That said, if the ensuing confrontation was any indication of how the local boyos and the PSB react to protests/media spectacles during the games, then we’re in for a rocky few weeks.


Things to love about Beijing…

It’s hardly an exhaustive list and is mostly based on observations and experiences from the past week or so, but I thought I’d jot down a few of my favorite things about the ‘Jing.

  • Beijing parks in the early morning.  Jingshan, Beihai, even tiny Nanguan…parks all over the city are bustling at 6:00 a.m. I’m certainly not a gerontologist, but there has to be a significant mental and physical benefit to seniors who participate in daily group exercise.  And the variety of activities is something to behold–dancing, tai chi, calligraphy, bird walking, one fellow who bends at the waist, legs straight, and walks on all fours for the length of the park (try this sometime, you won’t make it 10 yards).
  • The variety of great food available for less than 10 RMB.  Snacks, breakfast, lunch, noodles, chuan’r…you can live in Beijing and spend anywhere between 15 and 1500 kuai on dinner, and some of my 15 kuai dinners have been the better than a few fancy banquets I’ve attended by a long shot.
  • I like the new metro lines. The trains are comfortable and the two giant xiangqi boards built into the floor of the Dongsi Line 5 platform are a nice touch.
  • Hutong living.  YJ and I just moved into a small pingfang in a yard with about 19 other families.  The yard itself is cool and I love our little house, but the best part about living there are the neighbors.  Within a week of moving in, we’ve met just about everybody and it really seems like the residents all look out for each other.  (By contrast, we lived in our loufang for nearly two years and never exchanged more than a forced ‘ni hao’ with the yuppie across the hall.)  It’s also been fun sitting in the middle courtyard with the neighbors after dinner shooting the shit about whatever.  Good times.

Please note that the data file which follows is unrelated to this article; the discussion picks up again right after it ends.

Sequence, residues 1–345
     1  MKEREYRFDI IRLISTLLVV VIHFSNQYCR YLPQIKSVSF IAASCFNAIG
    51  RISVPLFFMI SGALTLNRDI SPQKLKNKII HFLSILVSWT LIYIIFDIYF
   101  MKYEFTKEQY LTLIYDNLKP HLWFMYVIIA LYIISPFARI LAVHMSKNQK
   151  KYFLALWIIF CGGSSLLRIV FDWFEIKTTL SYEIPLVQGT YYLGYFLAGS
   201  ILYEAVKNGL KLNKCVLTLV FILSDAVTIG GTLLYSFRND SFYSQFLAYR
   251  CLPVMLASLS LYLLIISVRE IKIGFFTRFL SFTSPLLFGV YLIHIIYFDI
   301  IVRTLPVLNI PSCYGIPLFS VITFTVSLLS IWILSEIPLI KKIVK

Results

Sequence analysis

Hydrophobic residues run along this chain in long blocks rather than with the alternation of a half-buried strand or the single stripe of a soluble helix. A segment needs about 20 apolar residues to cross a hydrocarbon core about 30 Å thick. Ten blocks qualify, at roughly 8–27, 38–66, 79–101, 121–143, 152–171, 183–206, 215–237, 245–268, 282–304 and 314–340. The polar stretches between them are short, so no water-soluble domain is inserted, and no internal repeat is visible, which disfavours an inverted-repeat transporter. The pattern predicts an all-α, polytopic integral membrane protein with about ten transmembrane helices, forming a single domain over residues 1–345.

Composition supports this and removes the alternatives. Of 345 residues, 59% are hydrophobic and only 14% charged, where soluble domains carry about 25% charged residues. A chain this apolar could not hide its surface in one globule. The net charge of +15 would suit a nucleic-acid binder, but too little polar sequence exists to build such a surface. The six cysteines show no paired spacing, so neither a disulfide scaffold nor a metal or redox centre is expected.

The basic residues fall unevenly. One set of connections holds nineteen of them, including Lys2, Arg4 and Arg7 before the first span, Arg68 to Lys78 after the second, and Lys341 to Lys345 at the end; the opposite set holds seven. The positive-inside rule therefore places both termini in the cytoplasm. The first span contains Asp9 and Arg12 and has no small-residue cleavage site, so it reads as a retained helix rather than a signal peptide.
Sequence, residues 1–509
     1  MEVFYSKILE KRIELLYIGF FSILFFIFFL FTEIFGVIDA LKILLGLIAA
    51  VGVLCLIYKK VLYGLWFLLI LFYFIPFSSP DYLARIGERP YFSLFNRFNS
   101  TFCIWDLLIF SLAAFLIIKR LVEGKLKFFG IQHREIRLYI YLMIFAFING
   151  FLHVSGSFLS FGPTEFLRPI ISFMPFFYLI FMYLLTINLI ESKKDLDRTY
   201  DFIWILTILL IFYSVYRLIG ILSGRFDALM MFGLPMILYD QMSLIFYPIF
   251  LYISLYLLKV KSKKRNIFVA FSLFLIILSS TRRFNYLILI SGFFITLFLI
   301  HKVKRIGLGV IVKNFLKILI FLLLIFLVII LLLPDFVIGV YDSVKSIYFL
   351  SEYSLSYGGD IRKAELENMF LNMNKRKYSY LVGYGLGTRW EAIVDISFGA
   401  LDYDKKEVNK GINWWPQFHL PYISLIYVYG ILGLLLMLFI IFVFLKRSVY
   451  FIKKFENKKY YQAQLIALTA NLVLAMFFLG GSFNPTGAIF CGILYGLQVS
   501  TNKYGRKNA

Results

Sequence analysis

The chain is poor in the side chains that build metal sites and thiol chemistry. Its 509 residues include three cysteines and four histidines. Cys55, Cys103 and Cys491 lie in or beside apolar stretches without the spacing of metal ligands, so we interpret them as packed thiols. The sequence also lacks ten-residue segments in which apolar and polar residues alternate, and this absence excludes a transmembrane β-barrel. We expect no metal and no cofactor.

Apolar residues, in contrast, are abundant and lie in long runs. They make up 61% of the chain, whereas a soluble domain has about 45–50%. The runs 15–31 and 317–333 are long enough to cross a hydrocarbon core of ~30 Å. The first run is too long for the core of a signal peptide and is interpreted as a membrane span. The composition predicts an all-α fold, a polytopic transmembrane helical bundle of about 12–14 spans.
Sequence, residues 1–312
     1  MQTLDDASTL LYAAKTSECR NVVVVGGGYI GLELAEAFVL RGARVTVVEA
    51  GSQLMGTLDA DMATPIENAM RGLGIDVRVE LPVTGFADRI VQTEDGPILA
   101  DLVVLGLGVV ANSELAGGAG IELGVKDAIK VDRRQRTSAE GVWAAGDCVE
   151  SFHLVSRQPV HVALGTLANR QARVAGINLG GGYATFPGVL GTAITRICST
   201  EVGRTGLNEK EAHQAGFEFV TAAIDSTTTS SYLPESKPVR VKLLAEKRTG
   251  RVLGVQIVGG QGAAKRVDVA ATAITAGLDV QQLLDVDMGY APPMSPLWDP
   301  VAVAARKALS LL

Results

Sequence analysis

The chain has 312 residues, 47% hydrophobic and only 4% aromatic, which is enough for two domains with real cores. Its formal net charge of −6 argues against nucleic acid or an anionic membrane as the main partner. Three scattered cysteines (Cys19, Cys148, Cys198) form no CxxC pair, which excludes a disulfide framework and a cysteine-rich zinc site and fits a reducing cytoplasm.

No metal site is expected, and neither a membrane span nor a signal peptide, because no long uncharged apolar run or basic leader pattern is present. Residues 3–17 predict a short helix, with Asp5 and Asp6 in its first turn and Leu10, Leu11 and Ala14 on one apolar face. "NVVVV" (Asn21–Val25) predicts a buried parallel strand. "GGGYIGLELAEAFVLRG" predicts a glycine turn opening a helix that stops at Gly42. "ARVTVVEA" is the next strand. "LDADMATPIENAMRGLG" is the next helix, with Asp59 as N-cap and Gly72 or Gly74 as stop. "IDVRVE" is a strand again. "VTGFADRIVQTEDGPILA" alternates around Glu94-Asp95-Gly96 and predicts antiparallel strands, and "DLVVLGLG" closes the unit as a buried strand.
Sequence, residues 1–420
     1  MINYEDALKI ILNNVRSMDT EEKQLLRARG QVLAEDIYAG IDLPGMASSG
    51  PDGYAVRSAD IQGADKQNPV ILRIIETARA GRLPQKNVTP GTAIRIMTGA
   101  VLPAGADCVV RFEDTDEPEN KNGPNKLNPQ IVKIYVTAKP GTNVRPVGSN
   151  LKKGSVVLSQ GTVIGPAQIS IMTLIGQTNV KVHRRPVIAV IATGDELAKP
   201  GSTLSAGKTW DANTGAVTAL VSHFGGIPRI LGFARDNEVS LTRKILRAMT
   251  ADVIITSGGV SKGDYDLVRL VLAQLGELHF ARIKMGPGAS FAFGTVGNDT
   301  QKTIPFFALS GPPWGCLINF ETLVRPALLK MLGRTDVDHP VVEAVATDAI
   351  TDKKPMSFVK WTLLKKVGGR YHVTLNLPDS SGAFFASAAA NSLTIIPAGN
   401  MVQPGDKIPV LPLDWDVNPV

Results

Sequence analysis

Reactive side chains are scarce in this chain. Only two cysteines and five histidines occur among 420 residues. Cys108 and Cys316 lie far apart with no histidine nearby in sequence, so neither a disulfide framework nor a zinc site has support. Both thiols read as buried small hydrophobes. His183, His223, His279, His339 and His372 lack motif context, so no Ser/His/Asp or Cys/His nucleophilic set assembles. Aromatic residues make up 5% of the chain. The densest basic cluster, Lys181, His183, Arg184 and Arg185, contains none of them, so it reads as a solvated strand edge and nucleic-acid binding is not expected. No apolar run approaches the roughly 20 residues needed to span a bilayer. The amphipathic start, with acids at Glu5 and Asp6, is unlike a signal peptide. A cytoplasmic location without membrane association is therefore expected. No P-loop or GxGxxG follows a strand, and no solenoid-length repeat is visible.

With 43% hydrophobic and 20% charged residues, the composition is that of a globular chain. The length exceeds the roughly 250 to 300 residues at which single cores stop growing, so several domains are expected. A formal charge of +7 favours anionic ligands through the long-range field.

• Basketball.  You’re never far away from a court in Beijing and once you’re on the court, it’s easy to get into a game.  The skill level varies wildly among the local players, but the enthusiasm is always consistently high.  Generally speaking too, people are pretty good sports.  There will always be exceptions, but it’s usually a friendly atmosphere without a lot of egos getting in the way of a good game.
  • So many people are into history.  I love it when random interactions with strangers or passing acquaintances turn into 45 minute discussions of military strategy during the Ming-Qing transition.
  • Good move on the part of the municipality to go to odd/even days for cars.  It hasn’t really had any effect on the air quality, but it’s made the streets a lot nicer for bikes and pedestrians.  Personally, I wouldn’t have any objection to making the policy permanent after the games.
  • Ding zuo. You can have just about anything custom made in Beijing. Dining room table in the showroom too short? We’ll build it taller.  Need to hide the ugly refrigerator in the middle of your living room? Custom-made Qing style cabinet with no floor or back and an extra-wide door.  Good suits. Leather shoes. Whatever.  If you can draw a picture and give some idea of what size and color, somebody can make it for you.
  • The music scene. They’ll never get on the radio, but bands like Joyside, Snapline, Buyi, Brain Failure, and Second Hand Rose (to name only a very very few) play good music with passion.  Sure a lot of the bands might not have the greatest chops and some of the songwriting lacks polish, but the level of enthusiasm with which the music is performed makes up for a lot.  Besides, when was rock and roll ever about polish over passion?

What’s on your list?


Christian Science Monitor Olympic Blog

Sure there are a ton of journalist Olympic blogs out there, but in my (semi-biased) opinion, one of the better correspondents in Beijing is the CSM’s Peter Ford. He’s a journalist who has covered stories in Latin America, the Middle East, Europe, and the Soviet Union and he has a knack for getting a story without needing to tart it up or sensationalize the issue at hand.  In the PRC, Peter’s articles are frequently translated/mangled for the Cankao Xiaoxi and the Global Times among other party rags.

The fact that YJ works for the CSM may skew my opinion slightly, but Peter has been linked to enough in this space by Richard and other writers that I feel comfortable plugging their new blog: Olympic Glory.   Check it out.